On the Rise -- First Solar Ramps Up for Large-Scale Projects

On the Rise -- First Solar Ramps Up for Large-Scale Projects

The industry leader predicts continued growth in 2010 but market faces overcapacity.

For much of 2009, the forecast was anything but sunny for the solar industry. After enjoying a stellar year in 2008, the solar industry fell victim to the global recession. A report by research firm iSuppli warned last August that the supply of solar panels exceeded demand by 92%.

Despite these issues, First Solar Inc. had plenty of good news in 2009. First Solar manufactures solar modules using a thin film of cadmium telluride (CdTe) as a semiconductor material, which converts sunlight to electricity more efficiently than traditional crystalline silicon semiconductor material. At press time, the company expected to finish 2009 with sales of approximately $2 billion, up from $1.2 billion in 2008.

Last March, the company acquired OptiSolar's solar project pipeline, boosting the company's ability to build and sell utility-scale solar power plants to regulated utilities, energy companies and independent power producers.

In September, First Solar announced a memorandum of understanding with the Chinese government to build a 2-gigawatt (GW) solar power plant in Ordos City, Inner Mongolia, China. The project is expected to be built in stages, starting with a 30-megawatt demonstration project that will begin construction by June 10. Stages two and three will involve 100-megawatt and 870-megawatt installations to be completed in 2014 and a 1,000-megawatt plant to be completed by 2019.

First Solar achieved a significant milestone in 2009, becoming the first company to manufacture and ship more than 1 GW of photovoltaic solar modules in 2009. The company noted that a gigawatt of solar modules produces enough electricity to serve the needs of 145,000 homes and saves approximately 1 million tons of carbon dioxide emissions annually.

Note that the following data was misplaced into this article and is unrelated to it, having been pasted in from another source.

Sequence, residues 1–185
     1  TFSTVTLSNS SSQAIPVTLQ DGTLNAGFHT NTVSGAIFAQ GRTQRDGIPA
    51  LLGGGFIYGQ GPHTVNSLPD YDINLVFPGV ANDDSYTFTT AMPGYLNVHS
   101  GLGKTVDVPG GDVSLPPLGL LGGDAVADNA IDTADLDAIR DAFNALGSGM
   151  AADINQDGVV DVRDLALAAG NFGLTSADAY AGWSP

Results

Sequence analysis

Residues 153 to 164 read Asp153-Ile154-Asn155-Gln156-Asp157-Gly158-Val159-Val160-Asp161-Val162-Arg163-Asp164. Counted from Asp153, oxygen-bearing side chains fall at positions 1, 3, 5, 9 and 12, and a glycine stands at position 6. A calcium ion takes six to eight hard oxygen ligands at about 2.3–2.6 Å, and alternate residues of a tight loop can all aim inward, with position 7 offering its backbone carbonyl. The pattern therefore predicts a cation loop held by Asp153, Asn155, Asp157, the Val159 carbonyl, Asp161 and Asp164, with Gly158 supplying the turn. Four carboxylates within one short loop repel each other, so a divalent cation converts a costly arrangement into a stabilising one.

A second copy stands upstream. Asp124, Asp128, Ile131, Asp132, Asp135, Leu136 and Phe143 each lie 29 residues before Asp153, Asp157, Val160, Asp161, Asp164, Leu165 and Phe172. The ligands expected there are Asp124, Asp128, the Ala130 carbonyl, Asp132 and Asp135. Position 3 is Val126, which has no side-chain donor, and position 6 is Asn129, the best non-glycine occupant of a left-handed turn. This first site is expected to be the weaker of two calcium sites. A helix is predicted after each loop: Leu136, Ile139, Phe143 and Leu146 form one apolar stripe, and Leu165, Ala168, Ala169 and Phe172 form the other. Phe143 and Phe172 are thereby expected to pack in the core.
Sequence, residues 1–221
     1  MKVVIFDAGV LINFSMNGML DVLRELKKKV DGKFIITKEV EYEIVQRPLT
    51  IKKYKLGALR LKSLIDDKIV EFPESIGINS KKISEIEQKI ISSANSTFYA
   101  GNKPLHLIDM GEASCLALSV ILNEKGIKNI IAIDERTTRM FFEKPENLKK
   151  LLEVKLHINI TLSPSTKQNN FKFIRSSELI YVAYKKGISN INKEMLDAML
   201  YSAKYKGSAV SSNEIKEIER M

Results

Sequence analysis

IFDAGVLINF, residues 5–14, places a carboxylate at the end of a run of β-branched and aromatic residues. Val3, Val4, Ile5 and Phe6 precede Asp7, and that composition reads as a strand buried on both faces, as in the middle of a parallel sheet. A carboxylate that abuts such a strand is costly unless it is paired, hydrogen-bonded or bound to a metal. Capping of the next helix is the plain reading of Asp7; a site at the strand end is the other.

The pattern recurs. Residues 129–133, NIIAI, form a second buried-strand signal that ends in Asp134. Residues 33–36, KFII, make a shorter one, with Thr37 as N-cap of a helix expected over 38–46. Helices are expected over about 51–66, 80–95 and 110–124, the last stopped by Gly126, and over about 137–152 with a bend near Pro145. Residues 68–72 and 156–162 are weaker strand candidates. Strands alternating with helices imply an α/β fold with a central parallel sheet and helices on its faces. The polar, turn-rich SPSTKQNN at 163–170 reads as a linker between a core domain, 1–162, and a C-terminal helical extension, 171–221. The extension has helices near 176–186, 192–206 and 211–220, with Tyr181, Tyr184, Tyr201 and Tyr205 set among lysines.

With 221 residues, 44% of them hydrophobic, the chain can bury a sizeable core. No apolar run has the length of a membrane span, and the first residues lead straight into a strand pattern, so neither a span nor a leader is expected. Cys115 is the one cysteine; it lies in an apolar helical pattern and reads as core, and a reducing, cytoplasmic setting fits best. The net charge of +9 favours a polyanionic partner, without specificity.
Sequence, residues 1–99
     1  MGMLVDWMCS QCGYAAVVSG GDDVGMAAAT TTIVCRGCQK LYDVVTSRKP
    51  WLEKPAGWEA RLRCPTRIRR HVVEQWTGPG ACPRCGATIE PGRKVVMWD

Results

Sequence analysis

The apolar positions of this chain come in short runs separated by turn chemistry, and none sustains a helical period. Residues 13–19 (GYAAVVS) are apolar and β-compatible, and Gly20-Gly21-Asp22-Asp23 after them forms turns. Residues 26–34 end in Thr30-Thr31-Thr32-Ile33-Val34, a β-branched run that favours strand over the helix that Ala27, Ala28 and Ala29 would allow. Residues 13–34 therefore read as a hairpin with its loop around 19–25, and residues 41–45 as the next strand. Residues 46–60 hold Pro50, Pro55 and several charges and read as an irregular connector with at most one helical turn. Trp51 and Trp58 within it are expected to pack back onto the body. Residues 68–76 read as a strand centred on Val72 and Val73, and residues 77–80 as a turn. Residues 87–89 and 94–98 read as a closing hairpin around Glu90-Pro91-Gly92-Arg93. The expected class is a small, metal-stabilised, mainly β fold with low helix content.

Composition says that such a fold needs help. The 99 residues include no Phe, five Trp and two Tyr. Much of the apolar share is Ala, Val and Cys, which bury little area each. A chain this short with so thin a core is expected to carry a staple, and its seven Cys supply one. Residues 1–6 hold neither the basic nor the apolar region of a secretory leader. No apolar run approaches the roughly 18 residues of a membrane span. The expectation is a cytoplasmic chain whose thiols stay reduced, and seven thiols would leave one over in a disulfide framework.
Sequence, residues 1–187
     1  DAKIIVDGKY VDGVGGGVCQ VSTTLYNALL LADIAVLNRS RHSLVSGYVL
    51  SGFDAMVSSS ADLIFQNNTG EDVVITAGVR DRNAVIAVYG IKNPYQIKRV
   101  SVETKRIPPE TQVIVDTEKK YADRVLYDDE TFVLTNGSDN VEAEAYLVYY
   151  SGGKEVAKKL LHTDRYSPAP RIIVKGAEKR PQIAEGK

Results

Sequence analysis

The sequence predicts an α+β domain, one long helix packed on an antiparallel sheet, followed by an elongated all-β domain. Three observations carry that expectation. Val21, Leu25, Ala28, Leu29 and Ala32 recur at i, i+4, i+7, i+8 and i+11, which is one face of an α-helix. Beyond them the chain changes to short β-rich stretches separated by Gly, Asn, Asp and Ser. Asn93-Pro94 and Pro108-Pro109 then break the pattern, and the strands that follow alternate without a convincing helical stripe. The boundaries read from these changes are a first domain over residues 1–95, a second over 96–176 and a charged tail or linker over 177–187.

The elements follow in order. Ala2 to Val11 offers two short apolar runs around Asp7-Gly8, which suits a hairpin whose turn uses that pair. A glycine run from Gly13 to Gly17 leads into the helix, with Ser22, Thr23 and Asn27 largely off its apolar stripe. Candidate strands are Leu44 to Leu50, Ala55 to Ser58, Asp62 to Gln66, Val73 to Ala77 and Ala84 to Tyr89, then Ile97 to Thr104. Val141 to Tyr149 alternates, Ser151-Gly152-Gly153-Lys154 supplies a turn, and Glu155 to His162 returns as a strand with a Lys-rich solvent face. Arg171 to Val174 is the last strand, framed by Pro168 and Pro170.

This year and next, First Solar plans to add eight production lines in two plants at its manufacturing facility in Kulim, Malaysia. The company also is adding a two-line factory in France and will complete an expansion of its Perrysburg, Ohio, facility in the first half of this year. The Perrysburg expansion adds a fourth production line and boosts manufacturing capacity to more than 200 megawatts per year. The expansion creates 200 jobs at the plant.

First Solar's manufacturing facility in Frankfurt, Germany.

With these new facilities, First Solar plans to increase manufacturing capacity by 48% to 1.8 GW per year. "First Solar is expanding capacity to satisfy a global contracted and advanced pipeline of over six gigawatts from 2010-2012," said Rob Gillette, who joined the company as CEO last October after senior management roles at Honeywell and General Electric. "In 2009, we increased our contracted North American pipeline by approximately 1.5GW, expanding our penetration in transition markets. This drives further capacity needs around a demand pool that is less volatile and more predictable than the traditional feed in tariff-based markets."

In its 2010 guidance, First Solar acknowledges that the industry will continue to experience overcapacity and pricing pressure on solar modules. Despite this environment, it expects net sales to grow up to $2.9 billion. The company is projecting that global demand for photovoltaic modules will grow from 5.2 GW in 2009 to 7.5 GW this year and should reach 12.1 GW in 2012. Gillette says the company will continue to ramp up capacity and lower the cost of solar modules, so it can move over time from existing subsidized markets to sustainable markets where solar power must compete with gas-fired or coal-fired technologies.

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